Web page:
Bladder cancer is relatively common, accounting for about 5% of all new cancers in the US. It occurs when the cells within the urinary bladder start to grow uncontrollably. The bladder itself is a hollow organ made up of several layers of different types of cells. As with any cancer diagnosis, the immediate reaction of fear and anxiety is understandable, but these feelings can often be eased with a little extra understanding of the type of cancer you are dealing with. Luckily, most bladder cancers are detected early on, before they become invasive, making treatment much more effective.
If you or a loved one is facing a bladder cancer diagnosis, what do you need to know?
1 – More likely to occur in men. It is the fourth most common cancer in men but less common in women. The chance that a man will develop this cancer is about one in twenty-eight, which is about three to four more likely than women. Most bladder cancer cases also occur in older people, with 73 being the average age of diagnosis.
2- Bladder cancer can be invasive or non-invasive. Most Bladder Cancer begins as a mutation of the innermost cells, which is called non-invasive bladder cancer. If the cancerous cells travel into the inner layers of the bladder walls, and/or into other nearby structures, it is known as invasive bladder cancer.
3 – Bladder cancers are also divided into two subtypes, papillary and flat, depending on the way that they grow. Papillary carcinomas grow in thin projections from the inner surface of the Bladder to the center, without growing outwards into the deeper layers of the bladder. These carcinomas are often slow growing and tend to have a positive outcome. Flat carcinomas don’t grow towards the center of the bladder at all and stay flat to the bladder wall. They can be of both the invasive and non-invasive variety. Other forms of bladder cancer, such as squamous cell carcinoma, adenocarcinoma, small cell carcinoma and sarcoma are extremely rare, making up 1% or less of all bladder cancers.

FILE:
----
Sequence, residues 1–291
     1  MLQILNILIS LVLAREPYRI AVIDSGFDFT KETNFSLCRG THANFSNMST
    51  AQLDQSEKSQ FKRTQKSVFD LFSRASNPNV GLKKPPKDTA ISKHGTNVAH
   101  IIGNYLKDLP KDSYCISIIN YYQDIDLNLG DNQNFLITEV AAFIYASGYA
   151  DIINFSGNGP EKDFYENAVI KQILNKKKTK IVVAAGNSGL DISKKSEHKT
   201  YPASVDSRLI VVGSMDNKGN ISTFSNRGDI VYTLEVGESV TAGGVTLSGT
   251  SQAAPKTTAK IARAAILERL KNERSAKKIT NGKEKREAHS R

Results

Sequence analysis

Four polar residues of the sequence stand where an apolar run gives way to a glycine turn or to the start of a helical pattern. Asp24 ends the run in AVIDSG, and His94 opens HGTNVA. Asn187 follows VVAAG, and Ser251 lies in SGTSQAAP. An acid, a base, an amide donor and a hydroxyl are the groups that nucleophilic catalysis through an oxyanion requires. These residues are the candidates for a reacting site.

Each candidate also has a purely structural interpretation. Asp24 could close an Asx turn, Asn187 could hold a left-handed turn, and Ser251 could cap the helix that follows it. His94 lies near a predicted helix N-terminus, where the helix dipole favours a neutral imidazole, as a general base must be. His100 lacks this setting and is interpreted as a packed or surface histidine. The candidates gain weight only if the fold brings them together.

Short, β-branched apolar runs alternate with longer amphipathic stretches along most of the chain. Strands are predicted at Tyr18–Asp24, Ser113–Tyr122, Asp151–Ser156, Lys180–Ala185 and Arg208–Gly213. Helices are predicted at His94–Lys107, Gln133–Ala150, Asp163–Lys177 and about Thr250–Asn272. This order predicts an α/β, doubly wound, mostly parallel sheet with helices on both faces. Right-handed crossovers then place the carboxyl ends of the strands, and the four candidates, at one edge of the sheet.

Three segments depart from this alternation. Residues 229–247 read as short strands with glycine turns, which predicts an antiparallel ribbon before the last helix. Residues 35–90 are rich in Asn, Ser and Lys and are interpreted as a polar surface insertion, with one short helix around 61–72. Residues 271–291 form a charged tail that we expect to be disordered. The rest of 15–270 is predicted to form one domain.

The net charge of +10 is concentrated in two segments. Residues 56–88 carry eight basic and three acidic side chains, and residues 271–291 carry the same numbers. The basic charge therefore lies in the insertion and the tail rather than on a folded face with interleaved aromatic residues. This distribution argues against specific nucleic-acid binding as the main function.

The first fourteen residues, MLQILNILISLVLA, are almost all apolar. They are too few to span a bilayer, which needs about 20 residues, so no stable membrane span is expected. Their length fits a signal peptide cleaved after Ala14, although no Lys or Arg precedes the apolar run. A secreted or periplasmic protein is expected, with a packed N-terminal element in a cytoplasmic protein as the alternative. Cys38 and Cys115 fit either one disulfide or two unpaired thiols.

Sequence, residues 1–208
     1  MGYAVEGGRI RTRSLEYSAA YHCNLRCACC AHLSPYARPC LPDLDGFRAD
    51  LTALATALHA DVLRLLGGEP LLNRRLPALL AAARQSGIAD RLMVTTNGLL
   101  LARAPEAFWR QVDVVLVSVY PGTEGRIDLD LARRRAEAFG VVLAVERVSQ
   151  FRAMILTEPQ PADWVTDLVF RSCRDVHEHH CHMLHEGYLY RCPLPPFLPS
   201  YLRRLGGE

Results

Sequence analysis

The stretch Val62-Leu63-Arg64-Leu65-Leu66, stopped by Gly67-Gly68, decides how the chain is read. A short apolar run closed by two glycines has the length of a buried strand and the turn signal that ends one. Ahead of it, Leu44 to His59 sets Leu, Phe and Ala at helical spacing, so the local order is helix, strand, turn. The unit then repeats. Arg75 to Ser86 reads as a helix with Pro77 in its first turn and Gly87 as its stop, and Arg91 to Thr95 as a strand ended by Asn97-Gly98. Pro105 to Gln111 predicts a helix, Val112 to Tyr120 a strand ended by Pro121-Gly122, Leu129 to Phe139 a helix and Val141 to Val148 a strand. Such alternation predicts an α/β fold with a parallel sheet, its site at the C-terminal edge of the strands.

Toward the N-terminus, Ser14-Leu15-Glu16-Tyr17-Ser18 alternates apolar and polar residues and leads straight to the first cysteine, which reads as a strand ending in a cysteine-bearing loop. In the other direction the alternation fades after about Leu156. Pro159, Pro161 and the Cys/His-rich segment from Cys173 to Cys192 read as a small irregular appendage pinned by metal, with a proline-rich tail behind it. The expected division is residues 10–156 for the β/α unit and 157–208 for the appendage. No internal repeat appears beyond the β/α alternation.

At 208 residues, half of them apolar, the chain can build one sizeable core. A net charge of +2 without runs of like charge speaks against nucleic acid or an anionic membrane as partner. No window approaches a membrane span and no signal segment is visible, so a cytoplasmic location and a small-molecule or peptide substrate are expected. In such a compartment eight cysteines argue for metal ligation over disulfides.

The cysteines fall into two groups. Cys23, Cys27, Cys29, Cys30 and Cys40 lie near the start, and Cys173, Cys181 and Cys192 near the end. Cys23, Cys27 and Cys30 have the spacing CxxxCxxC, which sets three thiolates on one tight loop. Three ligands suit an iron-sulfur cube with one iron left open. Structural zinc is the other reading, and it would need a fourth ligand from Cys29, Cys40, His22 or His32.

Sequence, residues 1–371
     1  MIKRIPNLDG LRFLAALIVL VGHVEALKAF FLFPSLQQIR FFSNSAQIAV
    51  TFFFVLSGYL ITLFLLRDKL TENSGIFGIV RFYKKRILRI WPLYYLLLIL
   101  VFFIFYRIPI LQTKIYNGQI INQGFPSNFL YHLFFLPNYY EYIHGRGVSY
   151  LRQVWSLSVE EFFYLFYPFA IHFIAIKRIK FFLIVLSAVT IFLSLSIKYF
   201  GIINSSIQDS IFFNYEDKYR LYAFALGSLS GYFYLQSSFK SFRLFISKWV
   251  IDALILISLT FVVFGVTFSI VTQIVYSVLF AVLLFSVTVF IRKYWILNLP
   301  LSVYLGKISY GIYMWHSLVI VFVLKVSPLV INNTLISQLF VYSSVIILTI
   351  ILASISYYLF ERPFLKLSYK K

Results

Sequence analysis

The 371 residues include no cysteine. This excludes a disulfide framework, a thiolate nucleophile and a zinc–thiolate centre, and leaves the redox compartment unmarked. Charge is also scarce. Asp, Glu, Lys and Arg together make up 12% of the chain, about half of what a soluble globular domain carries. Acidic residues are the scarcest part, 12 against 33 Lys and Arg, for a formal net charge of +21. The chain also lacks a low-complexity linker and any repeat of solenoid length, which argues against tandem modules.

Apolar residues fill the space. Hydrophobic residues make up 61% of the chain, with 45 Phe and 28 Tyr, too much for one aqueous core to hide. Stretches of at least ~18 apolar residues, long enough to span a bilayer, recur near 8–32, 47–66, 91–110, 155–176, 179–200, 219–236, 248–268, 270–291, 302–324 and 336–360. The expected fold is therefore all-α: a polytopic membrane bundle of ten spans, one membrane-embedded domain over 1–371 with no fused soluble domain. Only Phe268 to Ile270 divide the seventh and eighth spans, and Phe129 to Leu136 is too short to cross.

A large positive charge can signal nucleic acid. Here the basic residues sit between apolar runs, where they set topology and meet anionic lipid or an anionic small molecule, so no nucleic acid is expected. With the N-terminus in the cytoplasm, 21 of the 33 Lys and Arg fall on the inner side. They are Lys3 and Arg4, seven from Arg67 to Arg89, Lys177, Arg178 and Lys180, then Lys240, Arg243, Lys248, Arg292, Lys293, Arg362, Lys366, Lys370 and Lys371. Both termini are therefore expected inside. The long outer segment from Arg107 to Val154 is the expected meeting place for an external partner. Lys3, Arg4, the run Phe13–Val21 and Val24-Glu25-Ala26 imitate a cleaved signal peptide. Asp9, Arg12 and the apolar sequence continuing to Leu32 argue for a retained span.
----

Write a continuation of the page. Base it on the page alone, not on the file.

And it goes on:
4 – The cause is unknown. Researchers do not definitively know what causes bladder cancer, and widely believe that the risk for bladder cancer is not hereditary. What they have found is common risk factors such as exposure to tobacco smoke/products and unsafe exposure to industrial chemicals/cleaners.
5 – The most common symptom of early bladder cancer are blood in the urine. Symptoms can also include sudden changes in bladder activity or feelings of irritation. If you notice symptoms like these, or If you feel that you have a higher risk for bladder cancer than average, you should see your doctor right away as early detection is key to effective treatment.
If you have any questions about bladder cancer or would like to make an appointment, give us a call at 1-877-321-8452.